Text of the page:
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How our definition of middle class has–and hasn’t–changed in 100 years

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The next time you call yourself middle class, think about what you really mean when you say that. Do you earn what might constitute a middle-class salary–somewhere between $37,000 and $147,000? Or is it more that, in lifestyle and mind-set, you feel middle class?

Class has always been about more than money, and the middle class in particular has always stood for far more than just earnings potential. The Brookings Institution attempts to define the middle-class ethos through a combination of income and economic resources, occupation and educational qualifications, as well as attitudes–more broadly, culture and mind-set.

In 2019, the prevailing feeling among the self-anointed middle class may be a lack of financial security and job stability, but also a narrowing path to upward mobility. If self-identifying as middle class is in vogue, it’s because some of the cultural markers we have long associated with the middle class–the makings of the American dream–feel increasingly out of reach for many Americans, and newer ones like higher education feel essential.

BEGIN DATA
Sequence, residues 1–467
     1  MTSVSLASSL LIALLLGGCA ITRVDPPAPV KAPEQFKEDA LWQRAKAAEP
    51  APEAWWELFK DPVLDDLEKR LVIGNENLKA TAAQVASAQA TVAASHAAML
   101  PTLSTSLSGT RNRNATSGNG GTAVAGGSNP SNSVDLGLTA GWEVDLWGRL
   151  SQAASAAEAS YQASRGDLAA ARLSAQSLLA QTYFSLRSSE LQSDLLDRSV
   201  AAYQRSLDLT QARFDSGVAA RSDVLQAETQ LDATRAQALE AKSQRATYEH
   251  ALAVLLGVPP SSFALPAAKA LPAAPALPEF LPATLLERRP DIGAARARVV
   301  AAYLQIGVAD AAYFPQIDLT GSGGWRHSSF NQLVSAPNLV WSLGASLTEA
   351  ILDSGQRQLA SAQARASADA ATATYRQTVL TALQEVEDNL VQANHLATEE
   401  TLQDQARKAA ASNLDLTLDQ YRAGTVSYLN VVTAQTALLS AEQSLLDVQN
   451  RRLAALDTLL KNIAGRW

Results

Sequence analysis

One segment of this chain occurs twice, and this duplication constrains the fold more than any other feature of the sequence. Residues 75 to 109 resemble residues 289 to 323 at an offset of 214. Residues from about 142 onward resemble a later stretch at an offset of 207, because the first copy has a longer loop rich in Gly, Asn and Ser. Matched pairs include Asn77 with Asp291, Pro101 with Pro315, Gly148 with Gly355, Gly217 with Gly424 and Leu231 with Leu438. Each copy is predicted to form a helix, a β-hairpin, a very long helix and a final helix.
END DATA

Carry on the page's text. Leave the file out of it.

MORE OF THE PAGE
As amorphous as the American middle class seems now, that wasn’t always the case. At the turn of the last century–with the advent of technological advancements like the telephone and the expansion of electricity–came the white-collar office job. (The term itself was a nod to the uniform of choice for many office workers: a white collared shirt.) With that new class of jobs, the divide between the factory workers of yesteryear and white collar or retail workers grew. During World War I and II, as men were drafted into the military, women were recruited into the workforce to take their places, which created a larger labor force in the decades to come.

After World War II, the U.S. economy was booming, and the growing number of white-collar workers–along with wage increases–helped build a sizable........

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